Archive for March 9th, 2020

Monday, March 9, 2020

Matthew 26:1-5: Caiaphas

Matthias Stom: Christ Before Caiaphas

Matthias Stom: Christ Before Caiaphas

We find ourselves edging closer to Palm Sunday and Easter, and today we anticipate the Passion readings.  Familiar events and names sound in our ears as we listen at church services; well-read verses lose their newness until we pause to spend time with a few key figures.  Today we study Caiaphas, the high priest.

Today’s Noontime scripture citation unfolds much more to us if we also visit the Famous Trials site by Douglas O. Linder at the University of Missouri-Kansas City School of Law.  Specifically we will want to examine the material we find about the Key Figures  at Jesus’ trial but you may also find time to wander through the site’s many pages of information.  They are eye-opening and prayer-expanding.  They give us a better foundation on which to stand, a deeper perspective from which to pray. We might just focus on a few details we know about the man Caiaphas.  Some of this we already know: high priest, liaison between the Roman authorities and the Jewish people, son-in-law of the high priest Annas, presider over Temple ceremonies, Roman prefect for ten years with Pontius Pilate,

There is more that we will want to know: controller of the Temple treasury, manager of the Temple police, dismissed from service in 36. C.E. by the Syrian governor Vitellius . . . quite likely due to his close work with Pontius Pilate.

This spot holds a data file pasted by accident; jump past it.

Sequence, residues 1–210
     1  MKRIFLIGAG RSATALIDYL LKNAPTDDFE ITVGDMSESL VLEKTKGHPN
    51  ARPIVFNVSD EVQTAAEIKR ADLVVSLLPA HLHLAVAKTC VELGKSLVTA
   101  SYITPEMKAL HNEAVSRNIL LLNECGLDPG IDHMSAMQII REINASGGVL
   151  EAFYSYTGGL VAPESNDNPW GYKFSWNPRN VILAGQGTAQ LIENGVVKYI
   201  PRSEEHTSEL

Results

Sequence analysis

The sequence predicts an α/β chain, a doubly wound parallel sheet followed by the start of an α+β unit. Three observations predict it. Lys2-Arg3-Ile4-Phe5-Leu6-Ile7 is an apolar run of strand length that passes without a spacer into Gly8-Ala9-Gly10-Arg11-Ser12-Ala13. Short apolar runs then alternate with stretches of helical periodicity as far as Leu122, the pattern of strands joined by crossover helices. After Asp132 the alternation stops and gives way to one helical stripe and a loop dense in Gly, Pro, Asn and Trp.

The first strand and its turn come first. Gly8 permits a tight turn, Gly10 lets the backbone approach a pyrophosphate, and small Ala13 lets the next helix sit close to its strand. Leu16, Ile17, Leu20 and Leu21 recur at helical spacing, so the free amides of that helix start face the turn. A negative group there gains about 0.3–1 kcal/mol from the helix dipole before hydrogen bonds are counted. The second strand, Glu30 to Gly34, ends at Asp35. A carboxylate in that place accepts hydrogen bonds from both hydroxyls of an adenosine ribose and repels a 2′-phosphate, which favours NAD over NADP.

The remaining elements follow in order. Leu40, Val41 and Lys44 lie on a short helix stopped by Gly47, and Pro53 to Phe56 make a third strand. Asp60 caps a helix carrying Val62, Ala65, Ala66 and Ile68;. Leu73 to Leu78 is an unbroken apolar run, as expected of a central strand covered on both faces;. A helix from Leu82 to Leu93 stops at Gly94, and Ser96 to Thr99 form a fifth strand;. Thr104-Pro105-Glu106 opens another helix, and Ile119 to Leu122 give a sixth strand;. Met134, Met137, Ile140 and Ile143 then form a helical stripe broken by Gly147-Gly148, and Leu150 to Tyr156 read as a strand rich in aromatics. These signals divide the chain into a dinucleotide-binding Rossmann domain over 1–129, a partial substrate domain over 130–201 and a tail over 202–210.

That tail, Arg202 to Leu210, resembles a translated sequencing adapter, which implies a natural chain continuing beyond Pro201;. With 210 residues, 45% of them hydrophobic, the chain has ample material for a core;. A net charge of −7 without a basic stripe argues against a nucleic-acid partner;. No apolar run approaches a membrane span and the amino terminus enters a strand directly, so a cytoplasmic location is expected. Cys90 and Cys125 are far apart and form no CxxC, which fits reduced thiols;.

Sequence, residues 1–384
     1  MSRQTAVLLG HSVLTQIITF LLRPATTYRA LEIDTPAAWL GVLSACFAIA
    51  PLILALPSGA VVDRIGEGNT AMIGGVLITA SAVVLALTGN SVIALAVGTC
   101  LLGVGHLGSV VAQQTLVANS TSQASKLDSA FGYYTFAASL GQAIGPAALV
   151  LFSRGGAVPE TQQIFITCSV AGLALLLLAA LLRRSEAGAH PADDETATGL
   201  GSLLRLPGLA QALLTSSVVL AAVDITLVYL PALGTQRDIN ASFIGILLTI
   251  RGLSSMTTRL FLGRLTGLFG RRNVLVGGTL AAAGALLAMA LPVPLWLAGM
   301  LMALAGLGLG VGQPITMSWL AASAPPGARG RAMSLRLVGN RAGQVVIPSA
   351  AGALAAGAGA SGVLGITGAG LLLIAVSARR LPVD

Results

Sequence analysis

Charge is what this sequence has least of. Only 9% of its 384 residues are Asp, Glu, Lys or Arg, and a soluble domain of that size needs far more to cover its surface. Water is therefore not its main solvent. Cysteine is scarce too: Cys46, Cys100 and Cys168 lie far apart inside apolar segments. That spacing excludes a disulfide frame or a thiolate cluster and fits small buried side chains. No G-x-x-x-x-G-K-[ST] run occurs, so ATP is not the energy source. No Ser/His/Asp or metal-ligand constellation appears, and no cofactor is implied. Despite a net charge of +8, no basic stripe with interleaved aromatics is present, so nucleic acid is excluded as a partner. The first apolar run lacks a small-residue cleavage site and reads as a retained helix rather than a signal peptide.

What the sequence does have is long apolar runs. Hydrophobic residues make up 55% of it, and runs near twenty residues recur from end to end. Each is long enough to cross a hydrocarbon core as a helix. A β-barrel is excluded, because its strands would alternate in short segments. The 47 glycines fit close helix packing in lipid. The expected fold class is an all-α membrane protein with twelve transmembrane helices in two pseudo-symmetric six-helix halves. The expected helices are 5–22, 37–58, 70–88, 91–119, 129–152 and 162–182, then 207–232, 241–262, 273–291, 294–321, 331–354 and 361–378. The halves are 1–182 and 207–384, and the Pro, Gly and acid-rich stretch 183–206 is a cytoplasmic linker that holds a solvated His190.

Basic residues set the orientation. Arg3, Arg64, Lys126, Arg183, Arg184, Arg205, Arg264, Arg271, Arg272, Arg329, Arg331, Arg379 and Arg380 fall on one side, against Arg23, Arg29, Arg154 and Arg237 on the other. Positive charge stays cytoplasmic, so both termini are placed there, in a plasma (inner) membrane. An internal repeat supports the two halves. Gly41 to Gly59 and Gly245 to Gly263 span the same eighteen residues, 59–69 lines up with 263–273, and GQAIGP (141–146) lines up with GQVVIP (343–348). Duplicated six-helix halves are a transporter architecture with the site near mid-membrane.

As we study, reflect and pray, the person Caiaphas begins to come into sharper focus.  This powerful man likely saw himself as the controller of his own universe. We might wonder if he saw any of his actions as placating the power structure or if he believed himself free of petty influence.  This we cannot know but what we can discern as we wander through this information is that Caiaphas played an important role in the life, death and resurrection of the Christ. Without Caiaphas it is likely that another high priest would have stepped into place to see Jesus handed over to Roman authorities – the Galilean asked too many questions of too many people – but it is Caiaphas we have with us today.  So let us learn more about him, let us imagine what our opinion of him might have been if he were our own high priest, and let us ask God for the wisdom to discern the presence of Caiaphas priests among us today.

For interesting information on Jesus’ trial, go to the following page on the University of Missouri Law School’s famous trials site by Douglas O. Linder: http://law2.umkc.edu/faculty/projects/ftrials/jesus/jesus.html; and for Key Figures at Jesus’ Trial: http://law2.umkc.edu/faculty/projects/ftrials/jesus/jesuskeyfigures.html; and for Non-Christian accounts of Jesus’ trial that give us a fresh perspective: http://law2.umkc.edu/faculty/projects/ftrials/jesus/nonchristianaccounts.html; and visit the Britannica page that is accessed from this site at: http://www.britannica.com/EBchecked/topic/303091/Jesus-Christ

For more on the Syrian Governor Vitellius, go to: http://www.livius.org/vi-vr/vitellius/lucius.html

For more on the high priests Annas and Caiaphas, go to http://www.blueletterbible.org/faq/don_stewart/stewart.cfm?id=1314

Image from: http://en.wikipedia.org/wiki/Caiaphas

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